Tag Archives: book

"I have a dream" by Martin Luther King, Jr.

King, Obama, and Healthcare

 

Dr. Martin Luther King, Jr. Day 

The  United States observes the third Monday of January as a federal holiday in honor and memory of the birthday of the late Rev. Martin Luther King, Jr. (January 15, 1929)

The Reverend Dr. King led the Civil Rights Movement in the United States from the mid-1950s until his death by assassination in 1968.

First African-American President- Barack Obama

In 2008 Democratic candidate Barack Obama ran for President of the United States and won, becoming the 44th President  and the first African-American to win the office.

Former President Obama running with his dog

President Obama kept fit exercising with his dog- photo compliments Pixabay 

 

Candidate Obama  pledged to enact universal health care coverage for the country, a promise President Obama fulfilled with the support of a Democratic Congress. The Patient Protection and Affordable Care Act, often shortened to the Affordable Care Act (ACA) or nicknamed Obamacare, is a United States federal statute enacted by the 111th United States Congress and signed into law by President Barack Obama on March 23, 2010.

 

 

First Universal Healthcare Coverage -“Obamacare”

The term “Obamacare” was first used by opponents, then embraced by supporters, and eventually used by President Obama himself. Together with the Health Care and Education Reconciliation Act of 2010 amendment, it represents the U.S. healthcare system‘s most significant overhaul and expansion of coverage since  Medicare and Medicaid in 1965. (source Wikipedia)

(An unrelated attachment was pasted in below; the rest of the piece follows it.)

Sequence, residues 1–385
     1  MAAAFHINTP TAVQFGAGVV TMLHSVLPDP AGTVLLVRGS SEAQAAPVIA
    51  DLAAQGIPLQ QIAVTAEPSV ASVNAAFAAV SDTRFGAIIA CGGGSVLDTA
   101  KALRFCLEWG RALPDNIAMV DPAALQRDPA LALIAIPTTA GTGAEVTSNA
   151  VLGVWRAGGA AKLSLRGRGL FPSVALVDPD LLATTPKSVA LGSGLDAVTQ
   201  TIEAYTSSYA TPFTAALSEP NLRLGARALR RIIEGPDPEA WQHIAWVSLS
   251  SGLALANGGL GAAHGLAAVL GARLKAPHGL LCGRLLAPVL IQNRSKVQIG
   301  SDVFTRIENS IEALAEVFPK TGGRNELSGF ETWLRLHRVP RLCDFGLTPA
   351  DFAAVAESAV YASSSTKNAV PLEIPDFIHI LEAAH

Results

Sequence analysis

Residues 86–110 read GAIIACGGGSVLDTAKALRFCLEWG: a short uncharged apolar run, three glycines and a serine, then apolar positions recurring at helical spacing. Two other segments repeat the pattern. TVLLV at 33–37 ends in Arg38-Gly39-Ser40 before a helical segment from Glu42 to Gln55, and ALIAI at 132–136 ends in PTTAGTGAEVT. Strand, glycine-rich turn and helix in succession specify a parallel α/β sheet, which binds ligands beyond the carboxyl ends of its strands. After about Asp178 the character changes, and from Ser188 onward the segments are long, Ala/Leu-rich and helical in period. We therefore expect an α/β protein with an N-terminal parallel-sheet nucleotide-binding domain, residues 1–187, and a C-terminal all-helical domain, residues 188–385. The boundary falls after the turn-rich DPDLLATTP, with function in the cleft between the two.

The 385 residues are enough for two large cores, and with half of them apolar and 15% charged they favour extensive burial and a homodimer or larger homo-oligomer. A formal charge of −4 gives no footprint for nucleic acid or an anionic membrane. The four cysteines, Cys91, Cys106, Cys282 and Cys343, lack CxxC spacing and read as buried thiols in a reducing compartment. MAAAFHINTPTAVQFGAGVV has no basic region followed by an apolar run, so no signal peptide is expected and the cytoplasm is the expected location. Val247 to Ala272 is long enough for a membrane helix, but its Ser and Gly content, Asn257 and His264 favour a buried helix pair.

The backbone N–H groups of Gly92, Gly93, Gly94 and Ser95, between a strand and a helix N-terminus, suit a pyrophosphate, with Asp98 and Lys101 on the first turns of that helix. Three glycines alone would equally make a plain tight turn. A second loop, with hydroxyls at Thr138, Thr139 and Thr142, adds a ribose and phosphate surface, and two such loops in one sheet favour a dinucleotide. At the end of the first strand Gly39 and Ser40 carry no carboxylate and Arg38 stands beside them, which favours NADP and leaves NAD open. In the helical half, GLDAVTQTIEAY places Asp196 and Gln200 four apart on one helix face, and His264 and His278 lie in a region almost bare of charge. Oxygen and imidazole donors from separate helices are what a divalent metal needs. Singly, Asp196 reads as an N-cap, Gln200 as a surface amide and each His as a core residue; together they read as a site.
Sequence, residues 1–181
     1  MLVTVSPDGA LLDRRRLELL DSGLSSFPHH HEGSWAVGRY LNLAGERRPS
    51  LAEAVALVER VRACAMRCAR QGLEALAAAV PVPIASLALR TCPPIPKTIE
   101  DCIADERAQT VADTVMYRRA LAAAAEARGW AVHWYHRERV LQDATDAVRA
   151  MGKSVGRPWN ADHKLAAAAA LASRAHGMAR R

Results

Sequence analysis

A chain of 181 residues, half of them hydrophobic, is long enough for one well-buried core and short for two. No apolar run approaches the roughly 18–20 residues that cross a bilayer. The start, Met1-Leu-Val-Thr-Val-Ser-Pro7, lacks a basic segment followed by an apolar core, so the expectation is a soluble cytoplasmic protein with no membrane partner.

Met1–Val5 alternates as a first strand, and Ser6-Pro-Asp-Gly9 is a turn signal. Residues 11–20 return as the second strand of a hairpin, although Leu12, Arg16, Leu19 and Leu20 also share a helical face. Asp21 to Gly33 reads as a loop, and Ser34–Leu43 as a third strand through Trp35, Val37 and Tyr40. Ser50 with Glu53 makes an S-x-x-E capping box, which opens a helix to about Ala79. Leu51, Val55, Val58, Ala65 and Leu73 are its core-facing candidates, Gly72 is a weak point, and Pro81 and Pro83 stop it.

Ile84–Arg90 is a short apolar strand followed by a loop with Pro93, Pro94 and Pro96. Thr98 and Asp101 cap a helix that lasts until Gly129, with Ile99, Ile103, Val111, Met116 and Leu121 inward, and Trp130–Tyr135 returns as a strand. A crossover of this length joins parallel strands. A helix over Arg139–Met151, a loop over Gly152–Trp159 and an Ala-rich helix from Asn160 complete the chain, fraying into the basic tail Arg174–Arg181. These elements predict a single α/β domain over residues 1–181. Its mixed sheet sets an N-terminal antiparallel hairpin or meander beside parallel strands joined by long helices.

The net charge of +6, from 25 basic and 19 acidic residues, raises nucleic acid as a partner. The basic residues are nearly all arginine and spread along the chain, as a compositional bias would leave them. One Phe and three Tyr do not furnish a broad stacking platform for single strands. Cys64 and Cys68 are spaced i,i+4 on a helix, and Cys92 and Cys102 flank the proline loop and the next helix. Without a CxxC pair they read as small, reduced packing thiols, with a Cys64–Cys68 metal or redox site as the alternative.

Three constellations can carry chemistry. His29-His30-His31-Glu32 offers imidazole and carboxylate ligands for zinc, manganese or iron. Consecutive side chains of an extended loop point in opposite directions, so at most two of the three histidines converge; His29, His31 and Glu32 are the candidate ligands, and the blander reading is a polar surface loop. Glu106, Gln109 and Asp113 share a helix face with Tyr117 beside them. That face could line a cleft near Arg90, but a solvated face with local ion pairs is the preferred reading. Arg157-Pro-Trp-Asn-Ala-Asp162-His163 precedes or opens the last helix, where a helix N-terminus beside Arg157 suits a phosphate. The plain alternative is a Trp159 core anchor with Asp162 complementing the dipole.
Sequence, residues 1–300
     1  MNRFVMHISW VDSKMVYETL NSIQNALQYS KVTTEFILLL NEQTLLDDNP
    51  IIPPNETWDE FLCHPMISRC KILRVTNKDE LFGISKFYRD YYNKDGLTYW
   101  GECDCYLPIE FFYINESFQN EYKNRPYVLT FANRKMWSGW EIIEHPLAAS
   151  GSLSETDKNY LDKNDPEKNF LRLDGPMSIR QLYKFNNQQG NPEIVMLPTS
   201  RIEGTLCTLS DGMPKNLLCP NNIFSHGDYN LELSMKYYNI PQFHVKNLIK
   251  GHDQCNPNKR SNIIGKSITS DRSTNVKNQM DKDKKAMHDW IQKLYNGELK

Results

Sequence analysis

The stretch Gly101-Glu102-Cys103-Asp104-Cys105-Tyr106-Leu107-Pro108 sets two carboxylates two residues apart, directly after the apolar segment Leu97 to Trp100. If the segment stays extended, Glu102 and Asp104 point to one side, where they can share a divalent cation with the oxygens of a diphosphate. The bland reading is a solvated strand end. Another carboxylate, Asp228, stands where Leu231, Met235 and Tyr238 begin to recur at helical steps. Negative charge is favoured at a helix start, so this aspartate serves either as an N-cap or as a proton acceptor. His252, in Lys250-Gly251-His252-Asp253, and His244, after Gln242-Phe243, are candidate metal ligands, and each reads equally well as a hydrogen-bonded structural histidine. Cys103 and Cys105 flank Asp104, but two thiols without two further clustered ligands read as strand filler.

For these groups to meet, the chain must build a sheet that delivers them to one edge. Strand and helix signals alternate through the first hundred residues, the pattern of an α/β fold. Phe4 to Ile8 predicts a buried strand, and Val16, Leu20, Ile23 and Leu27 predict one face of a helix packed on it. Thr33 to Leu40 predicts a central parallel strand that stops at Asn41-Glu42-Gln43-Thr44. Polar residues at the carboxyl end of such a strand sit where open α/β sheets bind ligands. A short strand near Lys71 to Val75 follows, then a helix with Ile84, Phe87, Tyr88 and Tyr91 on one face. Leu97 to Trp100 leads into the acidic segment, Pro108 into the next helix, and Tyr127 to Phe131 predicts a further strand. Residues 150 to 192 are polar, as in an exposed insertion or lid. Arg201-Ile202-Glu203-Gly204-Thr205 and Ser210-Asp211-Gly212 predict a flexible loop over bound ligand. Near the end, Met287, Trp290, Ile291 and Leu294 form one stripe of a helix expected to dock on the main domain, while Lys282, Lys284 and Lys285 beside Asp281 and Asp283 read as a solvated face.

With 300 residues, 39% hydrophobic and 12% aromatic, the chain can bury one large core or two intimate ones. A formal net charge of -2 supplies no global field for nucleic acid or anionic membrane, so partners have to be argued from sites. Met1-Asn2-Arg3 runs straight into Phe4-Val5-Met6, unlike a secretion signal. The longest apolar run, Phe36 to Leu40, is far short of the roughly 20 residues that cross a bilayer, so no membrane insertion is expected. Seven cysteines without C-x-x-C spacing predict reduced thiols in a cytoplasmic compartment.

Is ObamaCare doomed?

Donald Trump’s presidential campaign platform included health care reform, a plan he labeled “repeal and replace” for Obamacare. Thus far, as of January 2018 , President Trump has not convinced Congress to abandon Obamacare, but it will change under the recently passed tax law which has abolished the individual mandate  requiring all persons to either buy health insurance or pay a penalty. Premiums are predicted to increase significantly, making it more difficult for people to afford coverage.

 

 African-American Health- Progress Made, More Needed

 

The death rate for African Americans dropped 25% from 1999-2015, but they are still more likely to die at a young age than white Americans.

African Americans in their 20s, 30s, and 40s are more likely to live with or die from conditions that typically occur at older ages in whites, including

  • heart disease,
  • stroke, and
  • diabetes.

African Americans ages 35-64 are 50 percent more likely to have high blood pressure as whites.

African Americans ages 18 to 49 years are 2 times as likely to die from heart disease as whites.

Social and economic conditions, such as poverty, contribute to the gap in health differences between African Americans and whites.

 

Public health agencies and community organizations should work with other community resources , including